Sean O’Rourke: PJ Mara tribute
Published 16/01/2016 | 14:49
It was quite the introduction to political journalism. Charles Haughey was visiting his native Mayo in September 1980 for the unveiling of what Padraig Flynn described as Tablets on the wall of his birthplace in Castlebar. Most of the cabinet and Junior ministers were in attendance in a display of loyalty at a time of deep divisions in Fianna Fail.
It was in the Halal meat plant in Ballyhaunis during that visit that I first met PJ Mara, who had played a big part in Haughey’s accession to the leadership nine months earlier. Before nightfall, he was musing on the possibility of breaking the legs of a reporter who was minded to write something mildly disrespectful of his leader.
Jocose stuff, admittedly, but typical enough of his ability to utter the most scabrous observations about individuals. He once told me, with a straight face, that a very senior minister with whom he was angry at the time could neither read nor write. In ways, PJ Mara was in a perpetual state of Showtime.
Urbane, funny, well read, astute, tough, irreverent, mischievous, and political to the point of tribalism, PJ Mara was a larger than life figure who cut a colourful dash through the corridors of power in the 1970s, 80s and 90s, always impeccably dressed in a bespoke pinstripe or chalk striped suit from Maurice Abrahams Tailors.
He delighted in describing the weaknesses, foibles and indiscretions of individuals high up and low down. After a wobble by one reputed strongman in the white heat of a failed heave, PJ revelled in mimicking the TD’s reply when Haughey asked for his advice: “Ah sure, maybe Boss, you’ve suffered enough”
As a sailor, Haughey’s measure of reliability was whether he could trust someone in a boat going around the Mizen in a force 8 gale. The “Faithful Mara,” as he called him, was the ideal first mate. Mara believed that Haughey had been unfairly dismissed in the Arms Crisis and vowed to help him enjoy high office again.
On becoming minister for Health after Jack Lynch’s landslide in 1977, Haughey introduced Mara to Brendan O’Donnell, his chief civil service apparatchik. Without being told, they both knew their job was to work the teeming backbenches in preparation for a leadership contest. As Seamus Brennan put it, PJ’s job was to find out where the TDs itched so that Charlie could scratch. Their initial assessment gave Haughey 12 votes out of 84.
Probably his greatest asset was an ability to build civil if not friendly relationships on all sides, inside and outside the Party. He rolled with the punches and rarely took offence, befriending the most unlikely individuals, like Labour’s Frank Cluskey, whose excoriations of Haughey in the Dail easily matched those of Garret FitzGerald.
PJ Mara was not Charles Haughey’s first choice as party press officer on going into opposition after the three elections of 1981-’82, and was initially only given an “acting” role. If ever there was a poisoned chalice this was it; the party riven and a wide-eyed public devouring copies of The Boss in which Joe Joyce and Peter Murtagh detailed phone tappiing and other scandals.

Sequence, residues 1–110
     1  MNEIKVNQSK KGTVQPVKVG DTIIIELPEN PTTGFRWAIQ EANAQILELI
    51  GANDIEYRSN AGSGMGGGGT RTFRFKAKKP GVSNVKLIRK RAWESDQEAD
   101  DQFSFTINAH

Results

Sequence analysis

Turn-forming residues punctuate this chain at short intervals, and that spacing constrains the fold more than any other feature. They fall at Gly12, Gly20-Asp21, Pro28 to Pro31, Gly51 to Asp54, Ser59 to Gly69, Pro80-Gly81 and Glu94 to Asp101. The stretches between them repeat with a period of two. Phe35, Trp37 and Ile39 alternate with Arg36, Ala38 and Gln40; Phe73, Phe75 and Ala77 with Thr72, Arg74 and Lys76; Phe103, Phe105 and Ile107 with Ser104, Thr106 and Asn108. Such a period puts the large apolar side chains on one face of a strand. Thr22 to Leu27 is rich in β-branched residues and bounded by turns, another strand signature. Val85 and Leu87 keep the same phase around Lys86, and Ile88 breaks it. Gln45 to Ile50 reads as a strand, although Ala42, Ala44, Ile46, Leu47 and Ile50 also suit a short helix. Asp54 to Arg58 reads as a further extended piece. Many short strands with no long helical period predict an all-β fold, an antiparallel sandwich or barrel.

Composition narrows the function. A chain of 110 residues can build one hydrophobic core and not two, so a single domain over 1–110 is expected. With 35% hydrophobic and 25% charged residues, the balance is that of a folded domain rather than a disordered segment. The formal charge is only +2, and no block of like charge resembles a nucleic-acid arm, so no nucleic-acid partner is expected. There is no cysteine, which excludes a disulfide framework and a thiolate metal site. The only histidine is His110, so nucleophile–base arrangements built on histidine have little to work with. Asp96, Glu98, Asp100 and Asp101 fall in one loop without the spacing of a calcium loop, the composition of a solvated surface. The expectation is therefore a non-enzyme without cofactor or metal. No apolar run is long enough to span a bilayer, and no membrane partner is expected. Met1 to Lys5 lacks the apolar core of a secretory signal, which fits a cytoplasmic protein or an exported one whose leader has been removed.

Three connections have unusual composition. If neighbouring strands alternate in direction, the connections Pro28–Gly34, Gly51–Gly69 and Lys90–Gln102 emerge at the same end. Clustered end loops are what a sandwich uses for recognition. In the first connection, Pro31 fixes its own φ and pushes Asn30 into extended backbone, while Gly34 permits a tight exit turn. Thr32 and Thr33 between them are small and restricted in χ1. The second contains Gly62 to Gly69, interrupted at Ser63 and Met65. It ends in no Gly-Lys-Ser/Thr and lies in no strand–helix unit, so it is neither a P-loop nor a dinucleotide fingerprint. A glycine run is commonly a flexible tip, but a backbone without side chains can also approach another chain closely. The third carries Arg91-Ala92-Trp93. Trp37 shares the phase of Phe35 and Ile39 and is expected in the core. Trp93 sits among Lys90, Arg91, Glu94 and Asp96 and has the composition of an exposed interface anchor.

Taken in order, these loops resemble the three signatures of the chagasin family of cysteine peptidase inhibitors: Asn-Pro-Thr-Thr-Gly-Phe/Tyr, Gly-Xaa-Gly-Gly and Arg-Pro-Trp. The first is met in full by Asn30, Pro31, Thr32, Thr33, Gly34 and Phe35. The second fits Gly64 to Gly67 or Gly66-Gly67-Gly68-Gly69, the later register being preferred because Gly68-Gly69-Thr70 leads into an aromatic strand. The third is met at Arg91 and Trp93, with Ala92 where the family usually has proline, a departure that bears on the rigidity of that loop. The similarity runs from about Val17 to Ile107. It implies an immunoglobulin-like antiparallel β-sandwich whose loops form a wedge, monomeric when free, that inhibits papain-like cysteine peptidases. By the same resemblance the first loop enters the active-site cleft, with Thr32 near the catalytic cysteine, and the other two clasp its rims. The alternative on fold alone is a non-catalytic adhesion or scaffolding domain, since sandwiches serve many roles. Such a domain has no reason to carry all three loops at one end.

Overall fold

As Sean Duignan has observed, Mara knew he had no chance of convincing opinion formers that Haughey was of pristine character, so he casually used titles like El Caudillo, and El Diablo to reference his Boss, all the time opening doors that allowed Haughey to explain his policies. Il Duce fell into disuse after the incident when he goose-stepped around the Political Correspondents’ Room.
As government Press Secretary he effortlessly wooed the international media, most especially the British correspondents whose basic disposition towards Haughey was framed not just by the Arms Trial but by the Falklands War and his initial hostility towards the Anglo Irish Agreement of 1985. Mara’s ability to recite the poetry of Philip Larkin and John Betjeman stood to him in those encounters.
Nor was he founding wanting when they sought out a quote at European summits, “It’s Mrs Thatcher versus the Universe” was one in particular that got the Reuters tickertape clacking from Brussels during another of the endless battles over the British rebate.
The end came quickly for Charles Haughey in 1992 when Sean Doherty revisited the phone tapping scandal. “Give us Barrabas,” Mara observed grimly when a poll showed more people believed Sean Doherty’s version of events.
While he secured lucrative private sector consultancies, PJ retained his strong links to Fianna Fail, pragmatically accepting that Haughey would have to be “cut adrift” by the party when details of Ben Dunne’s generosity became public.
Arguably, his contribution to the party was even more useful in the Bertie Ahern era. As Director of Elections he insisted on running fewer candidates resulting in fewer votes leaking away from the party oin later counts, with a resulting seat bonus.
“Go out and kill for Fianna Fail” was one of his battle cries, sometimes followed by a verse from the Legion of the Rearguard, with its fervent lines like “Eager and ready, for love of you they die.”
Never one to overstate his importance, Mara would occasionally insist in that self-deprecating way of his that he wasn’t the engine driver, only the oil rag. He was much, much, more than that..